Join our conversation as a husband and wife share their perspectives on personalities and how to grow as an extrovert or an introvert.

Meet our Guests!

Brandon and Amy Hawkins are a happily married and expecting their first baby this year. Like many of us, their personalities seem like polar opposites, but they have learned to use their differing dynamics to connect with new friends. Having moved around most of his life with the military, Brandon is dedicated to authentic connection and working together with Amy to build a strong community wherever the Lord takes them.

Personalities: It’s All About Connection

Isn’t it wonderful how unique we were all created? Human psychology has always fascinated me, particularly how we respond to one another.

What makes us feel safe? What makes us feel threatened? What kind of factors need to be in place in order for connection to keep us wanting to come back?

Opposing Personalities? Extroverts & Introverts

Today on the podcast, we’re looking at two polar personalities: extroverts and introverts.

These are not new terms, and most people are aware or have been categorized themselves as one or the other. We also know that our individual personalities run much deeper than these two categories.


But for the sake of discussion, we’re looking at these opposites to identify strengths and points of growth; both to understand the other and to develop a deeper sense of empathy.

We’ll talk about marriage relationships, group dynamics, meeting new people, parenting, and what needs to be present in order for an extrovert or introvert to step out of what’s familiar in order to experience positive growth.

Seen, Heard, Loved

Everyone has a basic need to be seen, heard, and loved. Introverts and extroverts tend to approach these things differently, as a giver and receiver.

Brandon talks about feeling the most uncomfortable in silence, while Amy took small steps to overcome her fear of approaching new people. Both types have similar needs, but getting those needs met will surface by different means.

When We Think That “Being Ourself” Is Not Okay

Whether you’re an Introvert and extrovert, your most natural tendencies can be incredible strengths. But if someone has convinced you that you’re not enough, or that you’re wrong for responding the way you do, that is not okay.

There is a difference between recognizing a need for growth and being shamed for who you naturally are. If your natural responses are hurting people, that’s a reason to change – but being made to feel bad for having a different personality is just bullying.

Don’t allow fear, guilt, or shame to keep you in a corner, because whatever your personality, your personal needs are enough.

You were made to shine bright in this world whether from a stage or in a quiet conversation. You have beautiful gifts that were made to bless others.



7:15 – Healthy vs. Unhealthy Extroverts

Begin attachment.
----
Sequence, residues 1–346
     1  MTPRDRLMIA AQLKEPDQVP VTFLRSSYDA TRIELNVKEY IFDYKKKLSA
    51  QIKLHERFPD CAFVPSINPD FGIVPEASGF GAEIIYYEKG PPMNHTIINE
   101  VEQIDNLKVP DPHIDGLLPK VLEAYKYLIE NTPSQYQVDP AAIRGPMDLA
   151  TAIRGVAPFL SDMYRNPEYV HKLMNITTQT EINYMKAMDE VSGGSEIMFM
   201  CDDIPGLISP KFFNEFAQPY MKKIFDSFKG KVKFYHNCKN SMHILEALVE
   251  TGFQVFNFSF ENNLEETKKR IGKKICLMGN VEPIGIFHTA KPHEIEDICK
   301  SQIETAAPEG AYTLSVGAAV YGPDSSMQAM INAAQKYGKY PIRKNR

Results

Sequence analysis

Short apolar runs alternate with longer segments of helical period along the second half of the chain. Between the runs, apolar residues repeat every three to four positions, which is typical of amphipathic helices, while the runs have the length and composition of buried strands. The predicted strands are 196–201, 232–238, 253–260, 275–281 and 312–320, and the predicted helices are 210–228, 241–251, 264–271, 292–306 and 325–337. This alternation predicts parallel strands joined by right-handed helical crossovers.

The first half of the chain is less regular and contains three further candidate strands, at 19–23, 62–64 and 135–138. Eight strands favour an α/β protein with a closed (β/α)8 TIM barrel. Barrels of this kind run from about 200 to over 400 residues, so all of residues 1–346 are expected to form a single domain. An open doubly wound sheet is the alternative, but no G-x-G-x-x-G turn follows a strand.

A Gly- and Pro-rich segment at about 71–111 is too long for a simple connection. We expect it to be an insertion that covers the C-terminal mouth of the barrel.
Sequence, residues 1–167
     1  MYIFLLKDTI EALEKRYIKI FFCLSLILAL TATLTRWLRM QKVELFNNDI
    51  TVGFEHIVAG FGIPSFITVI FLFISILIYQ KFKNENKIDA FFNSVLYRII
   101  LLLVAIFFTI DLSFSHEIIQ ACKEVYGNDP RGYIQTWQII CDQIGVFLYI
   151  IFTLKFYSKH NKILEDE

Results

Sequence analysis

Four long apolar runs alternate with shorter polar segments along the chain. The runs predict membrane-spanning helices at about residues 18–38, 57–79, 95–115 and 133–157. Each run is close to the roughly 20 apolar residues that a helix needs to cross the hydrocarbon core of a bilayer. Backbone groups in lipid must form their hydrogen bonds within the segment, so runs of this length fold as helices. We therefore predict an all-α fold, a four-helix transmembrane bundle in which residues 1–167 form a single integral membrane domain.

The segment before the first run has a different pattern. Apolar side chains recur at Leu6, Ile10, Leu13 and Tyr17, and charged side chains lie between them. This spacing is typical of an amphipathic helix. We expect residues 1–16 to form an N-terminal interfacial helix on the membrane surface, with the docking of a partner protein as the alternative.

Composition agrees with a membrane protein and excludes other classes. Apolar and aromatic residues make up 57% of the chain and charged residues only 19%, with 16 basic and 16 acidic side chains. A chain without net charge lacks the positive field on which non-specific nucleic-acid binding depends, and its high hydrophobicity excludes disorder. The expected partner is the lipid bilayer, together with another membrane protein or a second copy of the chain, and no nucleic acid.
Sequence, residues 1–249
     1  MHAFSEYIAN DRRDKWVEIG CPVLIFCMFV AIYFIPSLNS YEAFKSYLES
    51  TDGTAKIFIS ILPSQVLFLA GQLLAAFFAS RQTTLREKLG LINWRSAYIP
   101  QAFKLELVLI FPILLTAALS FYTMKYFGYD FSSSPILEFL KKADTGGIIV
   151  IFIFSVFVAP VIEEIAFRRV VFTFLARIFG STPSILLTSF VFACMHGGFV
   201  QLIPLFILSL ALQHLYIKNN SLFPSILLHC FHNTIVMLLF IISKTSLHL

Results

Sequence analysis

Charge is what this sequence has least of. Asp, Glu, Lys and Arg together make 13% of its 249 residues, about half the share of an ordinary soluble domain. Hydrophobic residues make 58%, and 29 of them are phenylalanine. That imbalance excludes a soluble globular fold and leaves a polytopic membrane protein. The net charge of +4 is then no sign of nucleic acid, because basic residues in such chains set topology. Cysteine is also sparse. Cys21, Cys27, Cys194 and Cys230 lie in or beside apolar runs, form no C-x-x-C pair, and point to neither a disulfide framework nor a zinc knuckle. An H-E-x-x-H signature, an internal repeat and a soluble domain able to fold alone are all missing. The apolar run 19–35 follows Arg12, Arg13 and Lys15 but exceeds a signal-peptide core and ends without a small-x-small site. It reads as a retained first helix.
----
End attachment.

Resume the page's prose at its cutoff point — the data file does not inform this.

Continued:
11:00 – Learning how we’re perceived by others

14:10 – The Introvert’s Perspective

16:20 – How a Healthy Extrovert can help the Introvert

18:00 – What it’s really all about

19:00 – Connection to the Enneagram & the bottom line

23:10 – Why Jenn falls asleep in action movies

26:00 – Why introverts hesitate to initiate

27:00 – Your spouse’s love language

29:00 – How we can grow in our personalities

31:30 – Watching people… how do you make friends?

35:30 – Plugging in to a new place

Sensitive and Strong Cover (Hawkins personalities)
Introverts in the Church Book Cover (Hawkins personalities)

Click the image to get Sensitive & Strong!

Perhaps you’re bothered by bright lights or you struggle to tune out background noise. Maybe you’re quick to notice the details others miss or you need more time to process events.  You may feel emotions deeply and hear, “You’re just too sensitive. One in five people are HSPs—Highly Sensitive Persons—with the genetic trait of sensory sensitivity. As an HSP, you are not fragile or frail. You can be a strong friend in relationships, strong partner in business, and strong member of your community. Sensitive and Strong will help release the worry that you’re “too high maintenance” or just plain “too much” and embrace the many ways you can be both sensitive and strong.

Click the image to get Introverts In The Church!

Introverts have gifts for the church and the world. But many churches tend to be extroverted places where introverts are marginalized. Adam McHugh shows how introverts can live and minister in ways consistent with their personalities. Introverts in the Church is essential reading for any introvert who has ever felt out of place, as well as for church leaders who want to make their churches more welcoming to introverts. Discover God’s call and empowerment to thrive as an introvert, for the sake of the church and kingdom.

Hawkins Personalities
Hawkins Personalities

Pin It on Pinterest

Share This